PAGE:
Understanding how we think means better design
From the moment I got into the field of design, I have been hearing how “design is more than pixel-pushing.” Rather, the most crucial step in any good design is understanding our users.
There is even that one UX mantra that goes “you are not your user”, which essentially reiterate the importance of good user research in every stage of the design process. But do we fully grasp the concept of understanding our user?
Now don’t get me wrong, I totally agree with user research principles and standard techniques. However, I want to suggest that good products require more than thoroughly knowing our specific target user’s characteristics. Instead, consider that, maybe, a User Experience that is sustainability positive, holistically drawn-out and takes into account physiological inputs, requires knowledge of how we as humans learn, reason, and think, and more than that, how this affects our relationship with objects, products or systems (and even with each other).
Welcome to the world of Cognitive Ergonomics
Lucky for us designers, there is a whole field of study that can help us out in this journey — Cognitive Ergonomics.
Cognitive Ergonomics is all about understanding how human cognitive processes, such as perception, learning, and memory affect our capability of successfully interacting as part of a system.
By system, we mean the result of an element (that may be an environment or some kind of artifacts, such as an object or machine) plus a human (the human factor).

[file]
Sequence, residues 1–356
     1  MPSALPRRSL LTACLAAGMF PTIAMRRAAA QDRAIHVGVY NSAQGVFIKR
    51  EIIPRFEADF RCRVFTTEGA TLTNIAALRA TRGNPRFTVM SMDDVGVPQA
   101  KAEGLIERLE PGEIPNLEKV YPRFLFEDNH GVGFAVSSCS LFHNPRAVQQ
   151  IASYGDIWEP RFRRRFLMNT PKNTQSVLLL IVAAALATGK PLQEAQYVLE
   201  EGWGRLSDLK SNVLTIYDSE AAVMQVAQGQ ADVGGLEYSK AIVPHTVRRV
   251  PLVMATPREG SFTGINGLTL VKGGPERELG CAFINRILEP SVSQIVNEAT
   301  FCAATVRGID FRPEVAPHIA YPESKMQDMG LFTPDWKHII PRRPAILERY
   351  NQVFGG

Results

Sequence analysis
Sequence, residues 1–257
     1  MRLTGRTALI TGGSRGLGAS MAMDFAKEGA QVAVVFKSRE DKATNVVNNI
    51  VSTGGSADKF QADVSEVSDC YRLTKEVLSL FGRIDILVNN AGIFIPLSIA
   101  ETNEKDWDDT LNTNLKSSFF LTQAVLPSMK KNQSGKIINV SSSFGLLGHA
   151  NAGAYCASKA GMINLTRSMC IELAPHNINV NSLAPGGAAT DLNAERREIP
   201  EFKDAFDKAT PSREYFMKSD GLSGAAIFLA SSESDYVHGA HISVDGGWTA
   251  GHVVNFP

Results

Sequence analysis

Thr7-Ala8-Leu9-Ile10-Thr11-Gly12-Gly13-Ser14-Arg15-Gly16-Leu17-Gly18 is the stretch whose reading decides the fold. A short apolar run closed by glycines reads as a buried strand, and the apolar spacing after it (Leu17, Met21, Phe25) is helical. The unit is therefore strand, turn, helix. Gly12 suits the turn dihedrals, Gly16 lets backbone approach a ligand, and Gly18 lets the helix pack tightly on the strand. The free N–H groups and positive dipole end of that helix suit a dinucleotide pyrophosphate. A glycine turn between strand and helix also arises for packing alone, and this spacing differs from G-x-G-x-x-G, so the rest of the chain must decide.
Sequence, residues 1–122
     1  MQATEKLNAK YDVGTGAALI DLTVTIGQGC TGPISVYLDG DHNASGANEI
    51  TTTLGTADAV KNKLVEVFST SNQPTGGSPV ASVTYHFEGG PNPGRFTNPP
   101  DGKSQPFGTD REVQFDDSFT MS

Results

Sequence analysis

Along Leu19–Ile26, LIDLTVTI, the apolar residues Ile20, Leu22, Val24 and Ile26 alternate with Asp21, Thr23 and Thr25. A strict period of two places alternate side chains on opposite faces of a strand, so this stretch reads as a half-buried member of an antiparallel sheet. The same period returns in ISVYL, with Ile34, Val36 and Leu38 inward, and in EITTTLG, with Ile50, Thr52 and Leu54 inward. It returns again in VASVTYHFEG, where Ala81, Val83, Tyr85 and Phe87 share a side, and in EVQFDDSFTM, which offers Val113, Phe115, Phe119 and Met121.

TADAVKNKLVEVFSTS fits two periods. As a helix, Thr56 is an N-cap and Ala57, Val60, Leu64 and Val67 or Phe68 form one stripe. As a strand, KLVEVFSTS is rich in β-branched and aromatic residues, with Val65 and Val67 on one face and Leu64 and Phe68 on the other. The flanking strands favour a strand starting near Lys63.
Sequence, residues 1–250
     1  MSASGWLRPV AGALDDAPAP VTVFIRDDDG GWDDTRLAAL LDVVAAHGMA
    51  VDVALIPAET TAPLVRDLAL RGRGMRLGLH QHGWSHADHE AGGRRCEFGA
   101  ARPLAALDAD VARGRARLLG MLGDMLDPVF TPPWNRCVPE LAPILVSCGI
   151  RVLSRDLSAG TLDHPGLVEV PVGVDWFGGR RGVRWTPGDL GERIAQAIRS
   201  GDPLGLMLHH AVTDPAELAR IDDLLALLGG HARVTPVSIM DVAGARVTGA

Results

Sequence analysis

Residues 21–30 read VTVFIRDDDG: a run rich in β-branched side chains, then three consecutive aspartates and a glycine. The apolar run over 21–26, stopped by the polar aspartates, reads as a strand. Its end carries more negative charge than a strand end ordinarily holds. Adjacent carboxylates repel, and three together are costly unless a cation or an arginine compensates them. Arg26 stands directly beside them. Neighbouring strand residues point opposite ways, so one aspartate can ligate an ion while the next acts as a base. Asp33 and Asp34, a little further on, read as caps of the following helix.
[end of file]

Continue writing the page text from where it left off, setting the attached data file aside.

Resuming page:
Etymologically, the term ergonomics refers to the Greek term “ergon,” meaning work, and nomos, meaning “laws.” “Laws of Work” may seem a little weird and far from the practice of design, but this is because the study of ergonomics has its roots in the industrial revolution, where it was applied in a more operational manner to workers in factories, as a way of increasing productivity, but also to make sure that injuries in the workplace were minimized as much as possible.
Today, according to the International Ergonomics Association, Ergonomics has three main dimensions — Physical Ergonomics, Organizational Ergonomics, and (the one we will be focusing on) Cognitive Ergonomics.
The cognitive part refers to the intellectual and psychological dimensions of human interaction, and it borrows a lot of its concepts, such as mental workload and decision-making, from cognitive psychology.
Now back to Design, why is this important?
When we consider that User Experience has many of its foundations in Human Factors Engineering and Human-Computer Interaction, we start to get a glimpse of how the two areas are intertwined. But ergonomics may seem a little too theoretical to have implications in the day-to-day life of product designing.
To address this issue, let’s take a practical example:
Take a concept that you might be familiar with — Cognitive Load. This is the degree to which a task represents a challenge to our information processing systems. So when a task has a high cognitive workload, it means that it is very demanding to our working memory, much like a program (I am looking at you, Google Chrome) can eat up a big part of your computers’ RAM Memory.